Dr Wolfgang SchäubleAccording to the German Government website, Federal Minister of Finance Dr. Wolfgang Schäuble was born in Freiburg on 18 September 1942. He is married with four children. He studied law and economics at the universities of Freiburg and Hamburg. (Image:

The main thrust of the special edition is for the UK to remain, with editorials commenting how much Britain has shaped the continent “How much we value them here, how close we Germans feel to them.”

Regarding Britain and the EU, Dr. Schäuble said:

“Britain is one of the strongest economies in the EU, and London is Europe’s largest financial centre. Britain plays a leading role in all matters of foreign and security policy. That is why Europe is stronger with Britain than without it. Besides, the UK consistently advocates market-based solutions in Brussels, which frequently makes it an ally of the German government. And, in my view, one cannot have enough British pragmatic rationality in Europe.”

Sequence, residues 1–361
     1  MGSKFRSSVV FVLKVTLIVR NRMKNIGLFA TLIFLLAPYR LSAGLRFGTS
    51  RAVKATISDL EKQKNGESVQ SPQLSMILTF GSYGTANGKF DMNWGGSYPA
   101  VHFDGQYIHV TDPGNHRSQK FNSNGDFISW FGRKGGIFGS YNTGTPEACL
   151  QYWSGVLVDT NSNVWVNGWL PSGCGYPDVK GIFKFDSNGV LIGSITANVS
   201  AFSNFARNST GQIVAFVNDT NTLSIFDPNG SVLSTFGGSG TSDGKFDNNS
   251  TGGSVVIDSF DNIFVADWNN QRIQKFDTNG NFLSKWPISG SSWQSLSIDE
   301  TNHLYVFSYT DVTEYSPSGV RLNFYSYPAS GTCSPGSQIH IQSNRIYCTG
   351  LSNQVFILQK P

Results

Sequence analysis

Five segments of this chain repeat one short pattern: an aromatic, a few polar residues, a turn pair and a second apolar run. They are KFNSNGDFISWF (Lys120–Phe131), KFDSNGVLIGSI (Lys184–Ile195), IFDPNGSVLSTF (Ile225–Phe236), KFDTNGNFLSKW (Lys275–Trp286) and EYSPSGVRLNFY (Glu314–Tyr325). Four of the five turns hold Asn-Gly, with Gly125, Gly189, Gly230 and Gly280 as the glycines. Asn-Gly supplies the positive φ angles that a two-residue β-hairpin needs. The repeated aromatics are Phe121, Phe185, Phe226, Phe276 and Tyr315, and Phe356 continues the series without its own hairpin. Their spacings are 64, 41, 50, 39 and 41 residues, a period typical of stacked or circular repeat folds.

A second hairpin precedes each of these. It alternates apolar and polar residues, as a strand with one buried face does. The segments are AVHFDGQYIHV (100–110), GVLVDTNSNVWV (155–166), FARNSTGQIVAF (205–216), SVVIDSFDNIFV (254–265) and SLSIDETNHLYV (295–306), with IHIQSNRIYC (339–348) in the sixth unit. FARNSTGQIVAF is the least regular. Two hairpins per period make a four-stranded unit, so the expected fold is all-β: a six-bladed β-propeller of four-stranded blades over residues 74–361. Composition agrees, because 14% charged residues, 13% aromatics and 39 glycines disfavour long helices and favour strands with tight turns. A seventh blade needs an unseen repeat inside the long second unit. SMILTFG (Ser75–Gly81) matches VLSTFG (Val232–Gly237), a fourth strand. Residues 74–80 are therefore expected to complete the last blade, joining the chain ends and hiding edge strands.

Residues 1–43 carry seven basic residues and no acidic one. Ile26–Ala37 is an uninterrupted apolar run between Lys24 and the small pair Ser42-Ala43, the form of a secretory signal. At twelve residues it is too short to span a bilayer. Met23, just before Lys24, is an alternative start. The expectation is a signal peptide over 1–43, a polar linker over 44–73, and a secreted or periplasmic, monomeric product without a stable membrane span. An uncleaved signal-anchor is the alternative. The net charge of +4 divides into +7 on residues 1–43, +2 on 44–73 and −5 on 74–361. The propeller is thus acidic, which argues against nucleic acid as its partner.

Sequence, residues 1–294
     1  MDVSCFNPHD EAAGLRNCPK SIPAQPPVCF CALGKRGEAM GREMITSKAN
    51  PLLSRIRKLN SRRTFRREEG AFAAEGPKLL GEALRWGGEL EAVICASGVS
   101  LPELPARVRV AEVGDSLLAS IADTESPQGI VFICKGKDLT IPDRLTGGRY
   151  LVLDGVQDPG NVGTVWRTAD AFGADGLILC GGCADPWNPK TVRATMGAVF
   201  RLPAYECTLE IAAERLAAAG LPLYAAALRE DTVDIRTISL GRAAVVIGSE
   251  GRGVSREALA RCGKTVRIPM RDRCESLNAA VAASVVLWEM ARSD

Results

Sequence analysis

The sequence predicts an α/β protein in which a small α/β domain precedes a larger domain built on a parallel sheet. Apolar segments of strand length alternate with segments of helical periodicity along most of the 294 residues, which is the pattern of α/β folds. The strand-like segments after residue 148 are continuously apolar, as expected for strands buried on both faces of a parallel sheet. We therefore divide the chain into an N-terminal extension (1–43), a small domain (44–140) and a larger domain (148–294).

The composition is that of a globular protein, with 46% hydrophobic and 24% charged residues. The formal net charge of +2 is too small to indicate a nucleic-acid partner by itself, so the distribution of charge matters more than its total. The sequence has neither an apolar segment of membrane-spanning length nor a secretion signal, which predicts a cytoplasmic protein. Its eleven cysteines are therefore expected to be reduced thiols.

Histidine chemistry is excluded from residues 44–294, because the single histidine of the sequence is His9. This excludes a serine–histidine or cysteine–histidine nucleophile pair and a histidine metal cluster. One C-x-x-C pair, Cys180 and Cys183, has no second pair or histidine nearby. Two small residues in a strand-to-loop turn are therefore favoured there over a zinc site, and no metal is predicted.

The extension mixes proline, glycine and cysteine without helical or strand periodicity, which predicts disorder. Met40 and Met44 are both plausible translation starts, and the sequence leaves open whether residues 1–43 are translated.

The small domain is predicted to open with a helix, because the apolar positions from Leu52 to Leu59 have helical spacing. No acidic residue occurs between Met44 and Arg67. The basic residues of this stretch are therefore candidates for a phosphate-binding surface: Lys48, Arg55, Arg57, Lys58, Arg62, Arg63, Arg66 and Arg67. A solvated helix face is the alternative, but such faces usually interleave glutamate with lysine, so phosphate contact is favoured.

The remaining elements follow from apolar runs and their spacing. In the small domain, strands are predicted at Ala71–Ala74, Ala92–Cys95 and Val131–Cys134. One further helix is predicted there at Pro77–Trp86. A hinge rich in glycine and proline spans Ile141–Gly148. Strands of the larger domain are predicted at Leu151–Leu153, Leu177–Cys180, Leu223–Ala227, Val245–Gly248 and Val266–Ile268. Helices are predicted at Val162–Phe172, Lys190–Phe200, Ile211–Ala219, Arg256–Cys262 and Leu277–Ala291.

“Britain is economically very closely integrated with its European partner countries. Were these ties to be cut, it would be a huge step backwards for the country and would weaken it considerably. In the era of globalisation, “splendid isolation” is not a smart option.”

Video – Dr. Schäuble talking about Brexit

German Finance Minister, Dr. Wolfgang Schäuble, talking about the EU Referendum on 23rd June, when Britons will decide whether to remain or leave the economic bloc.